Doctors in California who are found to be spreading disinformation in relation to Covid-19 could be disciplined for unprofessional conduct in California under a new law signed by Governor Gavin Newsom.
Bill AB2098, which was signed on Friday, states that in the event a physician or surgeon committing a professional misconduct by disseminating “misinformation or disinformation” about the nature and risks of COVID-19, its prevention and treatment and the development, safety and effectiveness of vaccines, they may be subject to disciplinary measures.
In the most severe cases, this could result in the doctor in question losing their licence.
Newsom said that he signed the bill “because it is narrowly tailored to apply only to those egregious instances in which a licensee is acting with malicious intent or clearly deviating from the required standard of care while interacting directly with a patient under their care.”
He added that the bill “does not apply to any speech outside of discussions directly related to COVID-19 treatment within a direct physician patient relationship.”
Nonetheless, the bill has drawn much criticism.
GWU law professor Jonathan Turley, who is a Fox News contributor and legal scholar, lashed out at the legislation in an appearance on “America Reports” on Monday, referring to the bill as “chilling.”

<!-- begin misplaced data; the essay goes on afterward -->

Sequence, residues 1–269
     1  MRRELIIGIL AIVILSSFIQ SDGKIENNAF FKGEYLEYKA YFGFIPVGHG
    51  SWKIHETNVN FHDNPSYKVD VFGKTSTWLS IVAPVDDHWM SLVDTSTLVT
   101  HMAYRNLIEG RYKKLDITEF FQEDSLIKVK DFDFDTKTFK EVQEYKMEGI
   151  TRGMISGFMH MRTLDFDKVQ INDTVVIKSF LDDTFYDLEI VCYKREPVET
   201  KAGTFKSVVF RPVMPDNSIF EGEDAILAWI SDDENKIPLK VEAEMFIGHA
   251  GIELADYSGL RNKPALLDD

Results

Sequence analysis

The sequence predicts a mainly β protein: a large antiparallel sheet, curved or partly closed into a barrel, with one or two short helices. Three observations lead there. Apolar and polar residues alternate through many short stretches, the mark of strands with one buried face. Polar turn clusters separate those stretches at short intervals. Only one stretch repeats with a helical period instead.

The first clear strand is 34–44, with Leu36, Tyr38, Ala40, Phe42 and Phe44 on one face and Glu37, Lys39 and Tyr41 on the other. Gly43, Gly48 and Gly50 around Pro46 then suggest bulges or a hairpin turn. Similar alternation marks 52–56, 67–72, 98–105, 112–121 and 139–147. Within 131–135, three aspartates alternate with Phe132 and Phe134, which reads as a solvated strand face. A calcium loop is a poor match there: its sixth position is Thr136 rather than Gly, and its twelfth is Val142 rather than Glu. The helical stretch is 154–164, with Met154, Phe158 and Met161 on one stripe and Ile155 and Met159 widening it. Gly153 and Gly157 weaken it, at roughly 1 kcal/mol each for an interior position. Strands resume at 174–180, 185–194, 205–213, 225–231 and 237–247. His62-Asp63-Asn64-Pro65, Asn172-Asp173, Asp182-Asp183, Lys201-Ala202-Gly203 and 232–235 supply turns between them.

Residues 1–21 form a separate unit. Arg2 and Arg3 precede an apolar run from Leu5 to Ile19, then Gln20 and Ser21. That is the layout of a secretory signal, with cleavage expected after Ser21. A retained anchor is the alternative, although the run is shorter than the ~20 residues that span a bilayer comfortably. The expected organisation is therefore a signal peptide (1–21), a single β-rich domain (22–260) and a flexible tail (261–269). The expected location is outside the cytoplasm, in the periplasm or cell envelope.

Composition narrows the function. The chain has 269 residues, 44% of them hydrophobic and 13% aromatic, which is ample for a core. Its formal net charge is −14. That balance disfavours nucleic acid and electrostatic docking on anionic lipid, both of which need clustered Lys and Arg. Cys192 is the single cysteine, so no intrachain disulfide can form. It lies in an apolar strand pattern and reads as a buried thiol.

“This law is chilling and what it says about free speech in California, [is] these doctors are being told that if they are viewed as spreading misinformation, it will be considered unprofessional conduct, threatening their very licenses…” Turley said.
“Many issues like mask and vaccine efficacy are all being cited as areas where they want to stop misinformation,” he said. “Those are all areas where people were banned from social media making statements that are now considered to be matters in good faith, issues that are worth debating.”
“Back then when people questioned whether masks were effective, they were barred. And under this law presumably, you could have used this law to threaten their licenses,” Turley said. “But what was really essential about those dissenters, is they forced discussion and some proved to be right.”
Turley said that, despite being raised in a “very liberal Democratic” family, he no longer recognizes the Democrat party.
ARTICLE: PAUL MURDOCH
MANAGING EDITOR: CARSON CHOATE
PHOTO CREDITS: NEW YORK TIMES
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